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anonymous
 5 years ago
hey guys a question in physics,
the angular momentum of the earth revolving around the sun is proportional to R^n where R is the distance between the earth and the sun. the value of n is?
anonymous
 5 years ago
hey guys a question in physics, the angular momentum of the earth revolving around the sun is proportional to R^n where R is the distance between the earth and the sun. the value of n is?

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anonymous
 5 years ago
Best ResponseYou've already chosen the best response.0v=2pi*R/(365*24*3600)

anonymous
 5 years ago
Best ResponseYou've already chosen the best response.0thats what i thought...but unfortunately my book says it 1/2. i dont know how!

anonymous
 5 years ago
Best ResponseYou've already chosen the best response.0\[R^{2}{} (2 \pi)\over(365*24*3600)*\]

anonymous
 5 years ago
Best ResponseYou've already chosen the best response.0the value of n should be 2 ryt?

anonymous
 5 years ago
Best ResponseYou've already chosen the best response.0http://www.livephysics.com/problemsandanswers/classicalmechanics/findearthangularmomentum.html here its solved the same way, so i think its plausible to go with 2

anonymous
 5 years ago
Best ResponseYou've already chosen the best response.0When I was taking physics I found this site very useful www.physicsfourm.com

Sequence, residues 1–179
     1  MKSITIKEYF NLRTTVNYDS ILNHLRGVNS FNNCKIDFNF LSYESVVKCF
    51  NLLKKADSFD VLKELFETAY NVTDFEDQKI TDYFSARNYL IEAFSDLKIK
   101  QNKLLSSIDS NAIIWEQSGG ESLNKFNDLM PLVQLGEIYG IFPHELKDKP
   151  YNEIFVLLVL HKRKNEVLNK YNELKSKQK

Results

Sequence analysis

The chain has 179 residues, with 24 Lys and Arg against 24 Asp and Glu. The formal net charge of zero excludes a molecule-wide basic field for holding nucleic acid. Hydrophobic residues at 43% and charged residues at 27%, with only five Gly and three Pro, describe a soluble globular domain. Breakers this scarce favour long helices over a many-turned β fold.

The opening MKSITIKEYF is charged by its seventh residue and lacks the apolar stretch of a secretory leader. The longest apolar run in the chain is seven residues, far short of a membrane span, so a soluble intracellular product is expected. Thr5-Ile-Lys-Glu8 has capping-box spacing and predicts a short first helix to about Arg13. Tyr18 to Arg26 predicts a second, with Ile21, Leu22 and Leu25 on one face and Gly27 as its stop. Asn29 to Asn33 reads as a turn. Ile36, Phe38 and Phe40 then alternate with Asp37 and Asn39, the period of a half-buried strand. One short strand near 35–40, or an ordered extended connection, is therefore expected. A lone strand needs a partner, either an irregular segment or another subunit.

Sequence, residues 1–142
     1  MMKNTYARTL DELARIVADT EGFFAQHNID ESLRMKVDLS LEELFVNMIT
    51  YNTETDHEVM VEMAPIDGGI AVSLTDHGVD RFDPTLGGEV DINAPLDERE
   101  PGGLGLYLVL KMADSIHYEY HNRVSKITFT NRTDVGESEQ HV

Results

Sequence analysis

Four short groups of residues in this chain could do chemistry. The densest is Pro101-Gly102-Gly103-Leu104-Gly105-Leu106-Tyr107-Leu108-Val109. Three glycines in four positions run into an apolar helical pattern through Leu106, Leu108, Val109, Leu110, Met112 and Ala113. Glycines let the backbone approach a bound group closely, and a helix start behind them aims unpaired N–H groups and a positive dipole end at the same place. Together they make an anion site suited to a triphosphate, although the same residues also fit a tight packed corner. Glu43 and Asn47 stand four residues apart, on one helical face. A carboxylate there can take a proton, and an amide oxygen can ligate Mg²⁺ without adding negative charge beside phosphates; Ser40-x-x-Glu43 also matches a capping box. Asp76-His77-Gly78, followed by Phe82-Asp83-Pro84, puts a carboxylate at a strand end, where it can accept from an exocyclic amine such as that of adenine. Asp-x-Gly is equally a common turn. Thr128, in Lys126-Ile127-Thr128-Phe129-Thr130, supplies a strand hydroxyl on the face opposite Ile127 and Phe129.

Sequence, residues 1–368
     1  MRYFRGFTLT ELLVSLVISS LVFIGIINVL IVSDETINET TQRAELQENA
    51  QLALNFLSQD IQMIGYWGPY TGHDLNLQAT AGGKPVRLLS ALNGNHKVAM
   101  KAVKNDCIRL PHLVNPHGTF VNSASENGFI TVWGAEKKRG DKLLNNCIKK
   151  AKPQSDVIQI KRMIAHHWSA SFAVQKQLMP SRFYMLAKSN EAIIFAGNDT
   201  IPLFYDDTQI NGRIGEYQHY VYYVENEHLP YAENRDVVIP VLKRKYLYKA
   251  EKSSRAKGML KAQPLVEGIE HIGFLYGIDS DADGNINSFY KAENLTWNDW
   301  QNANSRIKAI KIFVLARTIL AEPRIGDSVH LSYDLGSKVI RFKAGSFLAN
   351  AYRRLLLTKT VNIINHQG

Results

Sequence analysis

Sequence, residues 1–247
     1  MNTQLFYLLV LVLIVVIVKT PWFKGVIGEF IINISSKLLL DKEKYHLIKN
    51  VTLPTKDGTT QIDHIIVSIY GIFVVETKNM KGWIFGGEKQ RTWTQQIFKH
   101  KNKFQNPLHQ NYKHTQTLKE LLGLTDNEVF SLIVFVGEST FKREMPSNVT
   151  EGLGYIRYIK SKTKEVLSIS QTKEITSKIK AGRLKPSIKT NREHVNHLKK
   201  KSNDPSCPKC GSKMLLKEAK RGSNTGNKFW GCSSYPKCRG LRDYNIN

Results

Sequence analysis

anonymous
 5 years ago
Best ResponseYou've already chosen the best response.0did you miss an "s" by any chance?

anonymous
 5 years ago
Best ResponseYou've already chosen the best response.01/2 is actually correct. I'll prove it for you: L = m (r x v), which means that L = mrv (because in this case, our angle is 90) Now, we know that F (gravity) = GMm/r^2 and that F = ma assuming uniform circular motion, a = v^2/r, which means that v^2 = GM/r^3 Plugging this back into our angular momentum equation, we get \[L = mr^2*\sqrt{GM}*r^{1.5} = m*\sqrt{GM} * r ^.5\]

anonymous
 5 years ago
Best ResponseYou've already chosen the best response.0hey how did you get this, v^2 = GM/r^3 ?? m totally clueless.

anonymous
 5 years ago
Best ResponseYou've already chosen the best response.0mv^2/r=GM/r^2 =>v^2=GM/r plugn ds in ang. momntm eq.  L=mvr=mr(GM/r)^(1/2)=m(GMr)^(1/2) so n should be 1/2

anonymous
 5 years ago
Best ResponseYou've already chosen the best response.0i have a question, why wouldnt replacing v by \[\omega r\] work??

anonymous
 5 years ago
Best ResponseYou've already chosen the best response.0It does work, you just need to do an extra step to convert a= v^2/r to w^2r

anonymous
 5 years ago
Best ResponseYou've already chosen the best response.0can you work it out. i am not able to comprehend. :(
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